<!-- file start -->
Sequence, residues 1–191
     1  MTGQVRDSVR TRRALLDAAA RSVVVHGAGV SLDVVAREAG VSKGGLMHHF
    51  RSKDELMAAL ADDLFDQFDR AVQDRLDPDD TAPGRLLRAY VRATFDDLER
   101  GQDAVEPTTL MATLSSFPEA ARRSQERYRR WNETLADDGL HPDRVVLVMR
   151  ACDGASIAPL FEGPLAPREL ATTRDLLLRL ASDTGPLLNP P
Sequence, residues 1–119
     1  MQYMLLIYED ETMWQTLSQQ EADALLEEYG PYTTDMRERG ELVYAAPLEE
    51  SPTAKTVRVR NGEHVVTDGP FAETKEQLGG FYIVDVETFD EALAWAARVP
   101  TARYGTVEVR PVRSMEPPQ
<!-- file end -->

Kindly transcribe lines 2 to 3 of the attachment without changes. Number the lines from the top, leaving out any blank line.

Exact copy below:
     1  MTGQVRDSVR TRRALLDAAA RSVVVHGAGV SLDVVAREAG VSKGGLMHHF
    51  RSKDELMAAL ADDLFDQFDR AVQDRLDPDD TAPGRLLRAY VRATFDDLER